This is one of the silliness that is the current state of news reporting. The US has substantially reduced it's CO2 production. And yet this is never reported and I'd bet your average citizen opinion is exactly the opposite of reality. Of course, this misinformation is largely intentional.

Total energy use includes energy from renewable sources. For that prediction to work conservation and efficiency have to prevail over population increase. For example, if high resolution virtual reality substitutes for a conference that would normally require 100 people to fly to Vegas and stay at a convention center/hotel then total energy use may be less. Nonetheless it doesn't matter if all the energy use of the future is coming from solar panels and windmills.

"Total energy use includes energy from renewable sources. "

Sure, my assumption was that increases in renewables would largely be replacing existing fossil fuel consumption. Which wouldn't change the Net energy usage. However, having to convert the surplus to power storage does result in a need for higher production

"For that prediction to work conservation and efficiency have to prevail over population increase."

+1, that's the crux

Which is not impossible. There's a fundamental limit on consumption due to biology.

Long ago we had a roommate. My wife complained that her socks and hers were getting mixed up in the laundry. I pointed out since you can only wear on pair of socks at a time, it made sense to put all the socks in a single place in the hallway so all could just grab a pair. That didn't go down, but the concept remains.

You have senses and ultimately you're consuming to feed those senses. Since there's only so much input your body can take, there's a limit on consumption. Hence if you don't need 100 people to fly to Las Vegas, that's a huge amount of saved energy even if the solar panels have to produce 1.5x the energy used because the giant building sized Tesla batteries need to be kept charged.

We will bring in Mexican migrants to help solve the climate crisis. They till the fields in Mexico now; their Dreamer children will invent the Green Energy Solutions of tomorrow!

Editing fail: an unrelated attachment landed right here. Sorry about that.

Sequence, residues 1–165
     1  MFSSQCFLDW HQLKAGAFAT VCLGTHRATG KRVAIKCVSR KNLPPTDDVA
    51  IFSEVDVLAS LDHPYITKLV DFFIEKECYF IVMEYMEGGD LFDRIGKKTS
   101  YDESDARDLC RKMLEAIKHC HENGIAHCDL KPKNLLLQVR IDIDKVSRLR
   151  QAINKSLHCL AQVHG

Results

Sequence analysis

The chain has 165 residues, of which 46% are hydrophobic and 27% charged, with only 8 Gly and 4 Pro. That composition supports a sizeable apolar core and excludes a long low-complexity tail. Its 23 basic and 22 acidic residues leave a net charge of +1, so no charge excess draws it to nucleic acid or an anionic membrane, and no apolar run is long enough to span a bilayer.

So that is what elistists want: the collapse of America.

Here in the Wastebasket of South America, Brazil, we will burn cattle dung to cure our leathers for another 100 years at least! God Bless Chief Inspector Bolsonaro and a pox on his disloyal enemies, the democrats!

I think that is an anti-Brazilian impersonator. Brazil's leader is a president (Brazil's is a presidential system) and captain (commended by heroism beyond the call of duty by the Army), not a Chief Inspector.
Brazil is actually widely known to have a very efficient and clean energy mix based on juclear energy, hydroelectricity and some thermoelectric power. If Democ-rates were really interested in protecting Nature, they would consider taking a leaf from Brazil's leader's book.

Yes, burn it down!

No. To implement it to give America superior energy options.

Don't listem him. I think he is an impersonator. Brazil is headed by a president, not by a Chief Inspector. Brazil's leader is a president who is also an Army captain know for being a hero. He was awarded an Army medal.

I think the first one is crazy - I'd take that all day long (unless you think there will be a dramatic/cataclysmic drop in population). I wouldn't take the second one - likely there will be "better" - cleaner/cheaper sources of energy, so more will get used. I have a hard time even coming up with an explanation for the first one, unless you think we will all become couch potatoes watching digital screens and never leaving the house.

All these commenters saying the first one is crazy when the USA has consumed the same amount of energy for the last 20 years. https://www.eia.gov/energyexplained/us-energy-facts/

Ehrlich vs. Simon might be a more famous Long Bet.

An optimist in a sea of doomsayers, hurray!

Conditional on a revenue neutral tax on net CO2 emissions or not? Even with a "carbon tax" I'd be surprised if we got 1) without really slowing down growth.

McAfee was on Sam Harris' podcast and it was overall good, but he said he is a scientist when his degrees are in business and mechanical engineering, so that was odd. Halfway through, McAfee said that "It really took Earth Day (in 1970) and the environmental movement for us to even start thinking about limiting pollution." That isn't correct as the environmental movement began in the early 1960s.

McAfee talks about next generation nuclear reactors that are "massively superior" and "much, much safer" and than current ones, but they aren't as those already have an excellent safety record.

1. Total energy counts the thermal energy of coal before it is used to generate electricity and the thermal energy of gasoline before it is used to generate movement of vehicles. So a kilowatt-hour of electricity from a solar farm represents around one-third the total energy of a kilowatt-hour from a coal power station. A kilometer driven in an electric car represents considerably less total energy than a kilometer driven in a similar sized internal combustion engine car. So, yes, total US energy use will definitely be lower in 10 years time.